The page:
Destination San Diego

January 27, 2003

February 27, 2003

March 27, 2003


Marketing San Diego to the cultural tourist

You might see them at the opera, at your local art gallery, at a Broadway musical or in the streets of Old Town. They might be strolling through Little Italy, visiting a museum or attending a Shakespearean play at the Globe Theatres. They are San Diego's cultural tourists -- visitors who come to our region specifically to enjoy our arts and cultural scene, including those who may already be here on business or pleasure and opt to add a day or two to their stay to enjoy our diverse cultural offerings.

Just who is San Diego's average cultural tourist? The San Diego Convention & Visitors Bureau wanted an in-depth answer to that question, so we recently commissioned CIC Research to conduct an online survey of cultural travelers.

We e-mailed a questionnaire to those individuals who recently requested a copy of San Diego Art + Sol Magazine over our Web site at www.sandiego.org. This attractive magazine, a popular resource guide for potential visitors interested in adding arts and culture to their vacation experience, contains detailed information on every aspect of our region's arts and culture programs and activities.

The survey helped us paint a detailed portrait of the average cultural tourist. First and foremost, we learned that cultural tourists are more affluent than the average visitor to San Diego. Cultural tourists boast an average household income of $82,500, which is $14,000 more than San Diego's average overnight leisure visitor.

It also stands to reason that if they earn more, cultural tourists have more to spend while on vacation. Indeed, the survey showed that while the average overnight visitor spends between $69-116 per day, cultural tourists spend more than double that amount -- $246 daily!

Our study also shows that a whopping 81 percent of all cultural tourists surveyed stay in paid accommodations, versus 53 percent for the average visitor. They also stay longer, 5.5 nights vs. the 4.1-night visitor average -- thereby contributing even more in transient occupancy tax and sales taxes to our local coffers than our average tourist.

The study revealed other interesting facts about the cultural tourist. Not surprisingly, some 73 percent of these tourists travel without children and for the most part, they travel either solo or with another person. Almost three times the number of cultural tourists than average tourists make the journey from the Midwest and Northeast regions of the United States to San Diego for a vacation. And over half of San Diego's cultural tourists hail from the Western states, with 20 percent from California alone. Demographically, the majority of the travelers are female (59 percent) between the ages of 35-54.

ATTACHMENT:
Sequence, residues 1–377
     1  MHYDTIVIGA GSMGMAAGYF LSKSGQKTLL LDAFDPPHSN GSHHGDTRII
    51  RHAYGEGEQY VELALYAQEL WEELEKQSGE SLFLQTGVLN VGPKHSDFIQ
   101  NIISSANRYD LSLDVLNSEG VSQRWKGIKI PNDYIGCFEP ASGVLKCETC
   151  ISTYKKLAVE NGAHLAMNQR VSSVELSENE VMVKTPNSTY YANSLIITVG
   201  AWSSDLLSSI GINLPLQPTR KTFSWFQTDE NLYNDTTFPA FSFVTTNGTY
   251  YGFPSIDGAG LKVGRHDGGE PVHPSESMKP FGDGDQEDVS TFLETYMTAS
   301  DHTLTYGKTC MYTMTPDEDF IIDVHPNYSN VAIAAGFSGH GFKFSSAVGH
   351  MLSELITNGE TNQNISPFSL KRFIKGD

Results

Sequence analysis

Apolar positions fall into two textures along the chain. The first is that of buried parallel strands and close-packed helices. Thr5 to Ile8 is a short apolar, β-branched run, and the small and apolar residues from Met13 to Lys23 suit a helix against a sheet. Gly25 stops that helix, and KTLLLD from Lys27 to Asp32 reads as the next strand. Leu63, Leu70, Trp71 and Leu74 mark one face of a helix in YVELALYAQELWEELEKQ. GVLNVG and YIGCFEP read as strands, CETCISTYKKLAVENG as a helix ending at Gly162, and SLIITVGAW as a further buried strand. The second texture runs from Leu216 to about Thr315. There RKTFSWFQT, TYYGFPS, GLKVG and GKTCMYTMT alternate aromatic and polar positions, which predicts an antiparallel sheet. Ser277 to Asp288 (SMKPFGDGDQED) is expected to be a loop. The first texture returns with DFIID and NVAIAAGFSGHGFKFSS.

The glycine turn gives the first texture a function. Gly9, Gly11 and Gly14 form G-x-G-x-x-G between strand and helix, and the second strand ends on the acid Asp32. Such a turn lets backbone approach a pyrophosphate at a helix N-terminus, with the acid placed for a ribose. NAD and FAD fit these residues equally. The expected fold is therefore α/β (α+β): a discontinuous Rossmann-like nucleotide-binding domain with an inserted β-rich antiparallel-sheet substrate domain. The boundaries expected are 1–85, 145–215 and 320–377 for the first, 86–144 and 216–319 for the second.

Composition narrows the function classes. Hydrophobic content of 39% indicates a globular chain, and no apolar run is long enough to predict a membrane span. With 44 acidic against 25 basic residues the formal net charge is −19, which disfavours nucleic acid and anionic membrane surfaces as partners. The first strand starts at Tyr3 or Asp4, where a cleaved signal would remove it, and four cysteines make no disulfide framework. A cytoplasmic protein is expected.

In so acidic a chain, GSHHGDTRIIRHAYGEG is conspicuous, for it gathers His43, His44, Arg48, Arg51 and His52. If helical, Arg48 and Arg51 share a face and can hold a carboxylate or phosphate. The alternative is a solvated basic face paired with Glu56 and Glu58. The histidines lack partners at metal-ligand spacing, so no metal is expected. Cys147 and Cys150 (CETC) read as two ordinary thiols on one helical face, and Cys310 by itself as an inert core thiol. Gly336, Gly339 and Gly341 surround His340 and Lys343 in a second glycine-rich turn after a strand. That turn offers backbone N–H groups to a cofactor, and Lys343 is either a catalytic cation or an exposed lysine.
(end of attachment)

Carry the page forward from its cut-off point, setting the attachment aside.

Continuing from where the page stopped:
As you would expect, visits to historical monuments and museums (70 percent) are at the top of the activities list for cultural travelers, but the all-time favorite visitor activity - shopping -- still came up at the top of their activities list, too! So whether they are buying souvenirs or classical CDs, these cultural tourists are definitely dipping into their wallets as they shop at our local retail stores during their visit here.

Other favorite activities of this group of travelers include visits to parks and gardens, attending a festival or special event, visits to the beach and theme/amusement parks, exploring art galleries, and attending performing arts events.

Our survey not only gave us insight into the behavior of the cultural tourist, but also polled these tourists' attitudes and perception of San Diego. The overwhelming majority of cultural tourists who visited San Diego recently were very satisfied with their trip and would recommend San Diego to others for its arts, culture and historic activities.